Our time, alone, in the dark...theatre
"I've always felt those articles somehow reveal more about the writers than they do about me."
I sincerely intend to be the exception to the perceptive Ms. Monroe's honest and true insight and, in so doing, I'll focus upon her upcoming too brief reincarnation owing to the utterly insightful Harvey Weinstein.
That powerhouse of a producer said it best recently in an interview in 'The Huffington Post':
"'My Week With Marilyn' is a snapshot: it's funny, it's charming, it's entertaining, it's a fairytale. It's a boy who works on the set of a movie, 23 years old. She's 30. And through an argument she has with her husband, the playwright Arthur Miller, this guy gets very close to her............It's kissing, skinny-dipping---everything you want a week with Marilyn to be. You laugh. That's the misconception that I would love to clear up for everyone."
Yet, Mr. Weinstein goes on to relate how Michelle Williams, the mother of the late Heath Ledger's daughter, is very much the essence of her filmic role model, and in ways ignored by the writers Ms. Monroe rightly saw as blind to the underlying intelligent, witty and sincere woman she was. So, while there is a superficial albeit strong physical resemblance to the divine looking Ms. Monroe, in ways that are revealing of the inner Marilyn, Ms. Williams truly delved deeply, reading everything she could find above (there was little below those scandal sheets) and beyond what the tabloids had written of her in her too short career and life.
In this writer's opinion, as one who will eternally be impressed by the depth and range of the Marilyn whom Ms. Williams portrays in 'My Week With Marilyn' and Heath Ledger with whom she had a child-bearing relationship, it is offered with all respect that, in some curious way, her different yet full knowledge of them may deepen that portrayal in light of the tragically similar cause of death for both.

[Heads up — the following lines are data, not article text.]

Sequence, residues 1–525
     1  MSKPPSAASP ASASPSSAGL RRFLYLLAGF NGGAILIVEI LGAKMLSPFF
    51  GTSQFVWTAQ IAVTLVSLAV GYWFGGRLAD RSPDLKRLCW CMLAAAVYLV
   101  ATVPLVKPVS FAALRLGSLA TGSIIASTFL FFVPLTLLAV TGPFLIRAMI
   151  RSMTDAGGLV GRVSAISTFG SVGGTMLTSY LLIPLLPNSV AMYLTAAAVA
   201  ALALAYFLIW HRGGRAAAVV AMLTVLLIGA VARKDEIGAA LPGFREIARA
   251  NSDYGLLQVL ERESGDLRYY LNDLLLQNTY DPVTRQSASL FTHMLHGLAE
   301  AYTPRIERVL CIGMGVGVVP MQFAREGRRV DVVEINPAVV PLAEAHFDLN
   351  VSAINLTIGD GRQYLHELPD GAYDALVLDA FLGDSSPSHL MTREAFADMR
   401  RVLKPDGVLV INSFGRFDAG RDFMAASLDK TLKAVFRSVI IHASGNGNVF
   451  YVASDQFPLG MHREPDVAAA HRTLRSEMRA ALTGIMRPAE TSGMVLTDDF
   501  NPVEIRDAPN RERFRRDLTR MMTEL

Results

Taking a lead from the likes, then, of Harvey Weinstein and the author of the memoir/diary of the late Colin Clark is both a good way to proceed, leaving the sturm and drang of Marilyn's travails to other times and places and, instead, plumbing the inspiration for both Michelle Williams' casting and Mr. Clark's tale. And what a tale: according to Clark's second of two memorializations of his close encounters with Monroe (the first recounting his less intimate dealings with her as third assistant director on 'The Prince & The Showgirl'), she sought him on more than one occasion during the week he details in diarist fashion (excerpts of which may be easily found online in some of the British press).
But, first and foremost, Michelle Williams, the surrogate Marilyn. Like Marilyn, also a woman of the west (Montana), she has allowed as how that she was wont to keep to herself as a child, unsure just why, but it worked well for her. While this may have little to do with her casting, it may say something about her empathy for her newest subject role. While her start was in TV, she quickly migrated to some provocative indie roles, most notably in 'Brokeback Mountain', playing her future real life romantic companion's wife to his homosexual character so convincingly that it earned her a Best Supporting Actress Oscar nomination. Which leads us, perhaps, back to Colin Clark, whose literal supporting role to Marilyn off the set of that Olivier picture where she was so mistreated by Sir Lawrence was of such apparent comfort to Monroe.
Among the revelations that he imparts to us in his film-inspiring second memoir is that Marilyn was pregnant by Arthur Miller at the time of their one week platonic (though tempting for both) relationship, one he claims was owing largely to Marilyn's craving for an anonymous companionship with someone she liked without ulterior motive, and vice versa. While awestruck (who wouldn't have been, hence, here angst), Clark knew he was out of his depth, yet she made him feel that he wasn't. As Mr. Weinstein said, '...the way you want a week with Marilyn to be...' But, according to Clark, she wanted it to be normal, casual, private, almost utterly child-like.
And, so, we Colin Clark wannabe's as well as the as yet unknown Marilyns among us may look forward to her revivification by the sophisticated looks and acting versatility of Michelle Williams who has known loss every bit as deeply and heart-rending as her sadly misunderstood character. According to the critical buzz (so expertly spread by Mr. Weinstein), Michelle Williams may earn another Oscar nomination playing a woman she must surely understand far better than any man in her life--including Colin Clark---may have, or any woman at large may even today.
Anxiously awaiting our collective two hours or so 'alone' with Marilyn, a.k.a. Michelle, the talented woman who lost her prince but is, like Marilyn, far more than a showgirl.